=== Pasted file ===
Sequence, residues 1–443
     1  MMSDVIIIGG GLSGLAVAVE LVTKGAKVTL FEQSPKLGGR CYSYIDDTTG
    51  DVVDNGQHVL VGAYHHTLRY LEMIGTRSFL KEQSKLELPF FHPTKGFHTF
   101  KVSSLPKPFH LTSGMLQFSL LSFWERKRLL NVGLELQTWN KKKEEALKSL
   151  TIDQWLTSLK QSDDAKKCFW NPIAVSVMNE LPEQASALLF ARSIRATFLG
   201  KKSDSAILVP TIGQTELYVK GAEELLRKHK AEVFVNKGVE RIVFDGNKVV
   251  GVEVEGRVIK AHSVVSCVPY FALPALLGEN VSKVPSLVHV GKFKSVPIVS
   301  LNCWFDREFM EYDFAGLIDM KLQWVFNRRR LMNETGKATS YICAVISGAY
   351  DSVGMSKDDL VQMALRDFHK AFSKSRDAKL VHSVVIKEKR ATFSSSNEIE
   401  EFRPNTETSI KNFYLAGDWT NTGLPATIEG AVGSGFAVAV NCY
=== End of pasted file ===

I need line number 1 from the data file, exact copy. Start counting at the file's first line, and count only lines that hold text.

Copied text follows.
Sequence, residues 1–443